This is the first in a two-part series.
When I first read about strategic sourcing in Forrester, IDC, and Gartner reports back in 1999, I thought the analysts had no clue what procurement was. But then I realized that they were specifically referring to another IT-centric definition of strategic sourcing, rather than one focused on broader procurement, finance, and supply chain.
I came across a more recent IT and vendor management centric view of strategic sourcing that continues to highlight the information divide between such programs in isolation within IT and when managed or at least influenced by a centralized procurement function with mature strategic sourcing practices, tools, expertise, and capabilities. The Data Center Dynamics article begins with the following suggestion: “A number of services have emerged to aid executives with complex markets and there is an attempt to place these services under the umbrella title of IT sourcing.”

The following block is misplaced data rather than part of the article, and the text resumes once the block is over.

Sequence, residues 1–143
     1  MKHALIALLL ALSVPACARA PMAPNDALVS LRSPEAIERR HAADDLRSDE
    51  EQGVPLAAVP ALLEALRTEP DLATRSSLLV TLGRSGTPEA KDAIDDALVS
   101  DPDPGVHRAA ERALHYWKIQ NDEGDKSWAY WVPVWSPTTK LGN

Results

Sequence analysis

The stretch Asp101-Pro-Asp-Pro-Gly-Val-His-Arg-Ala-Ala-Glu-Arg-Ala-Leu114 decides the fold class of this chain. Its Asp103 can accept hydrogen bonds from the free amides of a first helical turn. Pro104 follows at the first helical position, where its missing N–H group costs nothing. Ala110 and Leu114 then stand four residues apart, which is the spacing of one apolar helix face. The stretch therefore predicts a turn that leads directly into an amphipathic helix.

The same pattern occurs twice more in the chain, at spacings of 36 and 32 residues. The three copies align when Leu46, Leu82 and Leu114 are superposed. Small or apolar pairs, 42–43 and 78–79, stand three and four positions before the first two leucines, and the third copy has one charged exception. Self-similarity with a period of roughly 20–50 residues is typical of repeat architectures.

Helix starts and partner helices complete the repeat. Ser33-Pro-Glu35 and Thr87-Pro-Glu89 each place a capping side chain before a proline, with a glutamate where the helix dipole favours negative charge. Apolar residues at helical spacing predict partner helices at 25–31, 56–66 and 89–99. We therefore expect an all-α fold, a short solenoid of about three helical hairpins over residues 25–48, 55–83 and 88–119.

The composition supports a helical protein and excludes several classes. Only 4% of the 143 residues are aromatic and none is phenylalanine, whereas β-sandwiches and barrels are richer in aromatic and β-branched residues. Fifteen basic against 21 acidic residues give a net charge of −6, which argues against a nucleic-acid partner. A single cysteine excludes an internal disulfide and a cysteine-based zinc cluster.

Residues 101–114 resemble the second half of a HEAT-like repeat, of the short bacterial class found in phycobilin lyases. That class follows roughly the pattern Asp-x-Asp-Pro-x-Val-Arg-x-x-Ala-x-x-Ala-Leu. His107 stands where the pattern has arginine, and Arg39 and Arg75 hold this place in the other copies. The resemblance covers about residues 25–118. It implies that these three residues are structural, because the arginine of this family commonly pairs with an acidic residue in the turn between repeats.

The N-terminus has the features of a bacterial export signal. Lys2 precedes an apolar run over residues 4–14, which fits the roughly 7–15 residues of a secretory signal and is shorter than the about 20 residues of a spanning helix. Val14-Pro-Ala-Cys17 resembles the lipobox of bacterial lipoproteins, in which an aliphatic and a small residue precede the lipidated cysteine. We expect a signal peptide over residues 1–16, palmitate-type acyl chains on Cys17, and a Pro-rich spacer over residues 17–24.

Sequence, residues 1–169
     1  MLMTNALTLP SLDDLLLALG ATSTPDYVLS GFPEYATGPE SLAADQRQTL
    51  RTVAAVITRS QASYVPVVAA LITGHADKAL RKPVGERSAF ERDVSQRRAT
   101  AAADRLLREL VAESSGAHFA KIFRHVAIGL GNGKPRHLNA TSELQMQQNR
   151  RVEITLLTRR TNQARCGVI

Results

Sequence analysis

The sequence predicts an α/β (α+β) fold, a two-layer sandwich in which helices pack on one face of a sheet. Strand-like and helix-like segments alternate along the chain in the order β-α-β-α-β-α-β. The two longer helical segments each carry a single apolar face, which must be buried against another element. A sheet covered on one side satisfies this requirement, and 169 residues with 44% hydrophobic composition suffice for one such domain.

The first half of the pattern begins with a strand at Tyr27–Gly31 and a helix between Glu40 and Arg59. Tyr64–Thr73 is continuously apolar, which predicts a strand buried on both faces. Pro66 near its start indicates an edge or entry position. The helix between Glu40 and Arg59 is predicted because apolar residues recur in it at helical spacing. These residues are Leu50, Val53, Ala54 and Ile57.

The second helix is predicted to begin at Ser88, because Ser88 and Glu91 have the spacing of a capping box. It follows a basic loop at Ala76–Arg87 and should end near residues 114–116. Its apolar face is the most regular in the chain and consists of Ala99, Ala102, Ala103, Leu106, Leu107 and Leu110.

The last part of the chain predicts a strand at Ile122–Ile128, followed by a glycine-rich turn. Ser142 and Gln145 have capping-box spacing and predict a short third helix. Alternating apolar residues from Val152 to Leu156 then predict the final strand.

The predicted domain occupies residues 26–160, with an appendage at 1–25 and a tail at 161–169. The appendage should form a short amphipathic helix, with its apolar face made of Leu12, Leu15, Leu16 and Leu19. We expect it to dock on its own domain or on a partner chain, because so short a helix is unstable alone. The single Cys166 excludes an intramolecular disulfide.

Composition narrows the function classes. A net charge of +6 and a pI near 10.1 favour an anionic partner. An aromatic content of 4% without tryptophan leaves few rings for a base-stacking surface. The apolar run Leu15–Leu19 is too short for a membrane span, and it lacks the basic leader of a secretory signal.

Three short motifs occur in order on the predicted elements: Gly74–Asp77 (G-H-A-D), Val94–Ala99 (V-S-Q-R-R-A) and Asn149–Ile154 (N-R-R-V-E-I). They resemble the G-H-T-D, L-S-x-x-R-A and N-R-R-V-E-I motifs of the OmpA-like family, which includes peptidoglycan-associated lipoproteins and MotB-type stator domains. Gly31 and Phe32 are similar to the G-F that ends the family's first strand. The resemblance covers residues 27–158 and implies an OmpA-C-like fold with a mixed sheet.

The article then gives a brief and somewhat pessimistic history lesson of IT sourcing trends, up until the present day when current “advocates of IT sourcing point to benefits such as money savings and solving procurement problems [related to] lack of control.” But IT sourcing is now broken into many sub-categories given the vast changes in what IT buys today vs. what it used to, such as “public, private, hybrid cloud, IaaS (Infrastructure-as-a-Service), PaaS (Platform), SaaS (Software), XaaS,” and so forth.
Of course the biggest change in sourcing is the move from buying products and software that one can physically install and grasp to buying services. And this introduces a myriad of new requirements into the IT strategic sourcing equation, which make the need for specialized approaches and even technologies that much more important than deploying standardized approaches.
Stay tuned for Part 2.